Best practices in film handling and distribution

Film-handling notes from AMIA 2017 media preservation panel

Film handling is truly a dying art

40,000 movie screens exist in the United States, yet only a tiny fraction still show 35mm or 70mm film; the vast majority long-ago converted to digital projection. They once received an actual print of the film; now they get a hard-drive containing a digital file that is, in essence, the “print” of the movie they will project.

Many repertory theaters continue to show actual film prints. As a provider of motion picture film preservation services, PRO-TEK constantly receives requests from various clients to pull prints from our vaults, inspect them to ensure they’re still viable and ship them to revival theaters or film festivals around the world. But once they get to the projection booth, we have no control over their handling.

It’s 10PM: Do you know who’s projecting your rare, valuable film print?

Thousands of highly-trained projectionists once worked in movie theaters. They would assemble films into larger rolls, clean, inspect, splice, repair and guide them through hundreds of showings, keeping the prints clean and sharp sometimes for weeks or months. If a film was successful and had a long run, a theater might have projected the same print for a year or more—some legendary film prints ran for years at the same theater. In the visitor’s center of Colonial Williamsburg, a film print was shown for a decade before replacing! That could be done when the print was handled carefully and the equipment was properly maintained.

But those days are over. Today’s projectionists are usually the same people selling tickets and making popcorn. “Projection” means running upstairs, turning on the projector and double-clicking a file on a drive. That’s it.

In some theaters that still show film, it’s often a well-meaning but under-trained projectionist. It could be a film student. Some repertory theaters still employ expert projectionists, but they are a dwindling lot.

AMIA, in partnership with Kodak, the Alamo Drafthouse Theater chain, the Film Foundation, the University of Texas and Boston Light and Sound, has been holding intensive film-projection training seminars to teach film-handling skills to a new generation. These seminars have been well-attended, but only a tiny fraction of film archivists and projectionists are training themselves in these “ancient” arts.

And studios know this—they are reluctant to loan out their remaining film prints anymore. It’s too costly to make a replacement. Once hundreds of film labs were operating in this country, but now only 8 or 9 can professionally process 35mm film, and only one, Fotokem, can process 70mm. If a repertory theater wants to borrow a film print from a studio/distributor, the request may be denied. Instead a digital file or worse, a Blu-Ray disc, will be substituted. Those discs are fine on home screens, but not projected on the big screen in a theater setting.

Stopping the decline of film-handling skills

At this year’s AMIA conference in New Orleans, one of the panels we attended was a great reminder of the need for best practices in film archiving and preservation. Especially as most archivists are graduating from programs with little actual training in physical film, preparing instead for careers that focus on digital assets.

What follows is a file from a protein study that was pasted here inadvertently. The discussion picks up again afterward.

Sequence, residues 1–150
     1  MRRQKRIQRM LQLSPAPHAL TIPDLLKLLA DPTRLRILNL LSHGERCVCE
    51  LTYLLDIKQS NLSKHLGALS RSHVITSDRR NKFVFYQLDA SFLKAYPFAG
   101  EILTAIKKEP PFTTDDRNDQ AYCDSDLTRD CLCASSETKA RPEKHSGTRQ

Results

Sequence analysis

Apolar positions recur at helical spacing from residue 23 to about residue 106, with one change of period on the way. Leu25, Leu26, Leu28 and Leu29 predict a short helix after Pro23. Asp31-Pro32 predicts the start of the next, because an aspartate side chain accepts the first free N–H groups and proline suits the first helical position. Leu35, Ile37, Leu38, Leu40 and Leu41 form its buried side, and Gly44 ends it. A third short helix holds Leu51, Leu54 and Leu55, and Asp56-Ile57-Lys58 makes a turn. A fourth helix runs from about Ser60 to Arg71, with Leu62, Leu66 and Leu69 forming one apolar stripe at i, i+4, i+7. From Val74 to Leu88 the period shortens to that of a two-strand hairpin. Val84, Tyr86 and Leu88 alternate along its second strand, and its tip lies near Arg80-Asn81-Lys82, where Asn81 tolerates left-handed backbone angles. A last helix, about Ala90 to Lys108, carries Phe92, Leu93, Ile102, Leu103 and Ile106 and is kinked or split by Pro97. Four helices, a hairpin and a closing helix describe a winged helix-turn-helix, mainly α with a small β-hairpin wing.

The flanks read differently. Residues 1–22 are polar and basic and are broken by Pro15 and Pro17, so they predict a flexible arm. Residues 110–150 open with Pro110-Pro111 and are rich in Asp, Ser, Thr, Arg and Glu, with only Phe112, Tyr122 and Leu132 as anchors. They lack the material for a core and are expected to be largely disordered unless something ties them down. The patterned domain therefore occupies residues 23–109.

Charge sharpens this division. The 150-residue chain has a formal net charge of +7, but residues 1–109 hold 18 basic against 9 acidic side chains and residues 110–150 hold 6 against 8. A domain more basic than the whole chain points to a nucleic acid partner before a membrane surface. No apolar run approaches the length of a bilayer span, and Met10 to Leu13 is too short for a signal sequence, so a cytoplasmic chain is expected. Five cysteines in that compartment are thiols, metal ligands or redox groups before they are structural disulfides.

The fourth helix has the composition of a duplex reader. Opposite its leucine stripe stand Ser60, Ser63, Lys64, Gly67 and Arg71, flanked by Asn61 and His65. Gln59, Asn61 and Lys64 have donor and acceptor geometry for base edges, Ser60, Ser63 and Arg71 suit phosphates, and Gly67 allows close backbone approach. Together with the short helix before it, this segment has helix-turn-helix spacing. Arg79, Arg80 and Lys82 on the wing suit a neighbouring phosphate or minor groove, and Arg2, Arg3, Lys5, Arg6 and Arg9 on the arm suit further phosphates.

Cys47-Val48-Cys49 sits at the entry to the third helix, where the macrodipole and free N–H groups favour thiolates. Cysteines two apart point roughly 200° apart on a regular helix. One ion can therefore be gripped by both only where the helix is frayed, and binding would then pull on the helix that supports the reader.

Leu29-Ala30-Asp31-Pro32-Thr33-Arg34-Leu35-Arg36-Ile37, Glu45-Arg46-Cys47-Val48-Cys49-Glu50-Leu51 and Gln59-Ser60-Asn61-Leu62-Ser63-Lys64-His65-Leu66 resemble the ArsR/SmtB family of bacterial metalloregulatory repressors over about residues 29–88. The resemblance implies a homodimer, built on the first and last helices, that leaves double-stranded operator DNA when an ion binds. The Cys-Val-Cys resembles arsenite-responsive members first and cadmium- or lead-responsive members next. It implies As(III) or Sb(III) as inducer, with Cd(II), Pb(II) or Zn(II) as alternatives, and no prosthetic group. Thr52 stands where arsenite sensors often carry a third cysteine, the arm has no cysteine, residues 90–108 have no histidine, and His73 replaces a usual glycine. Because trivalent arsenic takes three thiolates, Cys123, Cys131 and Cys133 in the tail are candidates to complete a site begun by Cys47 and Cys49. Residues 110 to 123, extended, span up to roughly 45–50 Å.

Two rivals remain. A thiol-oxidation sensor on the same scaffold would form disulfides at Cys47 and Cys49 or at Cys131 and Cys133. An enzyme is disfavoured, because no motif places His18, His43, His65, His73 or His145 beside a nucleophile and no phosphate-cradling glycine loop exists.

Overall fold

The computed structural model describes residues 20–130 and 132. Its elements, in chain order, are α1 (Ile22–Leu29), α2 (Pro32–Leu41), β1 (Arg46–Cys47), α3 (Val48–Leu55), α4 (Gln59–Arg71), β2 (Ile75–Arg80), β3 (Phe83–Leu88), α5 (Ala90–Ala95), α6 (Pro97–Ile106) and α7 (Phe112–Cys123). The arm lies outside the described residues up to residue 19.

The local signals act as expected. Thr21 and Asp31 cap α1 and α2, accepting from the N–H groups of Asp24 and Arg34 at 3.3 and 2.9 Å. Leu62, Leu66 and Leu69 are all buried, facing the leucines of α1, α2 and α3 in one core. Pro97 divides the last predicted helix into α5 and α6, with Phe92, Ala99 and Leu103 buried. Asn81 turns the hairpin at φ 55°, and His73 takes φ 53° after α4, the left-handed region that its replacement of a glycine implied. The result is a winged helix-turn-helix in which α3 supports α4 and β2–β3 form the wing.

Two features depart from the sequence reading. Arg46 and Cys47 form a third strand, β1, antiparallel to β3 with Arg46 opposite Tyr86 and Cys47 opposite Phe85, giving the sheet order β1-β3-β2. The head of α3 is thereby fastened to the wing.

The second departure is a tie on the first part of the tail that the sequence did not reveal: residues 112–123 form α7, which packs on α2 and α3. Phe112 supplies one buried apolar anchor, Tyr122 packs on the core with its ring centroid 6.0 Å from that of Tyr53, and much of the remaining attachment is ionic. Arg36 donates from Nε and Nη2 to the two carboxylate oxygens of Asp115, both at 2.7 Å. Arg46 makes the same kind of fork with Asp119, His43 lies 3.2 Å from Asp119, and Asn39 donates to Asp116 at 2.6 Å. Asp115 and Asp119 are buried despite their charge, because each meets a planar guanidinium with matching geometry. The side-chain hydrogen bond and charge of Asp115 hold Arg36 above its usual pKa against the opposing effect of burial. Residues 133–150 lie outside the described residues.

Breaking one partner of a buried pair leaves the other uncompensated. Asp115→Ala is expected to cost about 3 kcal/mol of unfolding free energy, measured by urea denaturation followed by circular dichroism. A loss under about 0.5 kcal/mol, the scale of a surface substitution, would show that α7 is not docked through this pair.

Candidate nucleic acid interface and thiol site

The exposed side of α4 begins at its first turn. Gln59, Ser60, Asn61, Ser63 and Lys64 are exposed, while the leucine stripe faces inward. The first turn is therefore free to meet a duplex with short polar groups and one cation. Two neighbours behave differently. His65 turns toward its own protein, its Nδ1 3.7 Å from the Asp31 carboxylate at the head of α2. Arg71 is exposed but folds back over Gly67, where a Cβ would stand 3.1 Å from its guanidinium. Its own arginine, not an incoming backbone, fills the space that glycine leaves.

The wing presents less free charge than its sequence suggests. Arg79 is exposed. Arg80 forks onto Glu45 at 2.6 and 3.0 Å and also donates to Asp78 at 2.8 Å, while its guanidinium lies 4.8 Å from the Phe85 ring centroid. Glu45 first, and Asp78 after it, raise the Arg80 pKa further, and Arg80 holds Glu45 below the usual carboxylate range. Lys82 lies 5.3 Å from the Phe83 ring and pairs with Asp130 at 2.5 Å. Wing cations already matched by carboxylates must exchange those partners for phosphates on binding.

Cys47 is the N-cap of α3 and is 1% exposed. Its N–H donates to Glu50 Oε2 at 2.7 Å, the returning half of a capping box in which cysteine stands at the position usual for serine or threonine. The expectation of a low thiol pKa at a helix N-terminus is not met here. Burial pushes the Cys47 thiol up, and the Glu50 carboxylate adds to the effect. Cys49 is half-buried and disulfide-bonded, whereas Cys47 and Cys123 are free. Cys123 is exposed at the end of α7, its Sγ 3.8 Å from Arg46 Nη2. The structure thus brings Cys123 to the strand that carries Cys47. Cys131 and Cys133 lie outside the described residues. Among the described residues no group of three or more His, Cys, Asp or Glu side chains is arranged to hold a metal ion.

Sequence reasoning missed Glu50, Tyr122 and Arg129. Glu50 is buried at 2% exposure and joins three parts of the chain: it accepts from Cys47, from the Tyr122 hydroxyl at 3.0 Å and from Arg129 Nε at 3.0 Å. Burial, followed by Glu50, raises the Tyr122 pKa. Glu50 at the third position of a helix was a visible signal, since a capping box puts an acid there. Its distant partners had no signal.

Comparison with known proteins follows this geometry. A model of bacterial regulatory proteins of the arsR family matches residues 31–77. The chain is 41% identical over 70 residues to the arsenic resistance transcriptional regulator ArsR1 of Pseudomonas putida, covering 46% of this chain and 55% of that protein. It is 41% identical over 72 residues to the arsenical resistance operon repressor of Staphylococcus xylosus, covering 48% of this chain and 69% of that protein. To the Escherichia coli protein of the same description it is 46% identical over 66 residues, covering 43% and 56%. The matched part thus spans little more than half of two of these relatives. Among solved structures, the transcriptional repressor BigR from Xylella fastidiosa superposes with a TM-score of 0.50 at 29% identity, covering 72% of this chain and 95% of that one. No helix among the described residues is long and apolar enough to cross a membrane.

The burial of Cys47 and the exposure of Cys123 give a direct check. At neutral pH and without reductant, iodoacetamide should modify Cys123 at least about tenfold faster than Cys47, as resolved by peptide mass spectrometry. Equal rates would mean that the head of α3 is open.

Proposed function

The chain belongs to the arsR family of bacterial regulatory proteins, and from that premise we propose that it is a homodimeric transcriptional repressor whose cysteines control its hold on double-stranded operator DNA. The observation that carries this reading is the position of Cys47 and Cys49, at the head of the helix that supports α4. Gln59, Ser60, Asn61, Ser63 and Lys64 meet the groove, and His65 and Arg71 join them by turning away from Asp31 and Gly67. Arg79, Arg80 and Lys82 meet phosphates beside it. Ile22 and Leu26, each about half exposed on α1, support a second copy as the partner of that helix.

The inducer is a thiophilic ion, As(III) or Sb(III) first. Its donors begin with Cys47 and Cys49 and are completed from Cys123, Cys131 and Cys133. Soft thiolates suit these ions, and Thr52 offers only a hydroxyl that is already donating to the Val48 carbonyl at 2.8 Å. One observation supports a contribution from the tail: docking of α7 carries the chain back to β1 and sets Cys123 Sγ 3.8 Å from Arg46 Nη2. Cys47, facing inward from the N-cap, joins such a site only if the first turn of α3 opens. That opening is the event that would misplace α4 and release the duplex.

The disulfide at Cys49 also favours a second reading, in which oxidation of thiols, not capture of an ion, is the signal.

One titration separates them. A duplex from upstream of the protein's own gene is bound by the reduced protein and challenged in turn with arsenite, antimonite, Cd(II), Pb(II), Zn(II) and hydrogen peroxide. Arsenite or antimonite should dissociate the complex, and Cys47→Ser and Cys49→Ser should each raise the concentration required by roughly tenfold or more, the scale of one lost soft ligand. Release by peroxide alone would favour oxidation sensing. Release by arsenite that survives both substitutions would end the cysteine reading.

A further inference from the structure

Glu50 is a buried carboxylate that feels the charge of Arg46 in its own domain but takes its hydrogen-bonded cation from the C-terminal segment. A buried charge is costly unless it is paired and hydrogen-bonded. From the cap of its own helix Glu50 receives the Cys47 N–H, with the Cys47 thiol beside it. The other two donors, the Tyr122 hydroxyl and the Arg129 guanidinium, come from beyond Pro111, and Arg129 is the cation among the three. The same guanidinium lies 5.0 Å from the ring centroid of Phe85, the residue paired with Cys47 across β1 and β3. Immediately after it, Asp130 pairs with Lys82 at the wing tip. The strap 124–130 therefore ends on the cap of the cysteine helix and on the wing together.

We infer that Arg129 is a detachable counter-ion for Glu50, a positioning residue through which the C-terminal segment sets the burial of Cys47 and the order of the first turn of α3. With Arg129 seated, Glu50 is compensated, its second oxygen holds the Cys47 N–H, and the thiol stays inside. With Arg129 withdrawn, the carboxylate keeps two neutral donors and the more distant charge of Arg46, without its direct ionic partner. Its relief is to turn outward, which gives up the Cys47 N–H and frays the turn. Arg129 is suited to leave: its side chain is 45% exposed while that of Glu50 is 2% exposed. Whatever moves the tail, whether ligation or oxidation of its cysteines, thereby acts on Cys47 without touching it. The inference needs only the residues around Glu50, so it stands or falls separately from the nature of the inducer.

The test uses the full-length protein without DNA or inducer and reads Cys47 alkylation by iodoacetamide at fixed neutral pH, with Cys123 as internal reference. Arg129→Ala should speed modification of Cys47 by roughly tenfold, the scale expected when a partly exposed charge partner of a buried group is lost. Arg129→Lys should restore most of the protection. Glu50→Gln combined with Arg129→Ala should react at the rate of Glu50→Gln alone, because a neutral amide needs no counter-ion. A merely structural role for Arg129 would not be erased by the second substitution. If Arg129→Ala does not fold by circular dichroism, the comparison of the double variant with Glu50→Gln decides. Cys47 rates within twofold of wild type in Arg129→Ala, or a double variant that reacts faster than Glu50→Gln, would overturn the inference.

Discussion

The panel was led by New York Public Library Media Preservation Assistant Genevieve Havemeyer-King  and colleague Elena Rossi-Snook, Collection Manager for the circulating 16mm collection at the library. (You read that right: NYPL does have a circulating library of real film!)

In addition, Andrew Oran from Fotokem spoke, as well as Julian Antos, Technical Director of Chicago’s Music Box Theatre and Katie Trainor from MOMA.

Rossi-Snook maintains a collection at NYPL and loans out actual 16mm film prints, but these are usually educational films, not considered to have high value. One of her missions is to acquaint young people with actual film. While professional archivists handle film as little as possible, she encourages students to hold the film. It means wear and tear at a rate that would be unacceptable for a release print of a major motion picture. However, it allows these digital citizens to see that motion picture film is a series of still photographs in sequence, something they would never know by watching YouTube!

Giving motion picture film the respect it deserves

All this brings us back to PRO-TEK, where we not only inspect and ship out film prints all the time, but also inspect each one when it returns. We carefully inspect the cans they were shipped back in and examine the film for any signs of degradation. Most repertory theater companies do their best to handle the prints well, but it’s a struggle when they are understaffed. We often get reels of film in the wrong cans, mislabeled or hastily packed. We often must replace the head and tail leaders on the reel and clean the prints carefully. It’s easy to understand why distributors get frustrated by these extra costs and eventually give up, sticking the film in a vault and sending digital files instead.

At PRO-TEK, we believe we have an obligation to store and care for film properly, and to pass on and teach our techniques to a new generation. It’s why studios still trust us with their film—that and because we’re also a bunch of cinematography nerds who want to keep seeing original film prints projected on the big screen.

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Danny Kuchuck
Danny Kuchuck is Film Technician and Project Manager at LAC Group. His expertise in film ranges from old to new and celluloid to digital. He also specializes in nitrate film stock and antique movie production and presentation equipment and techniques.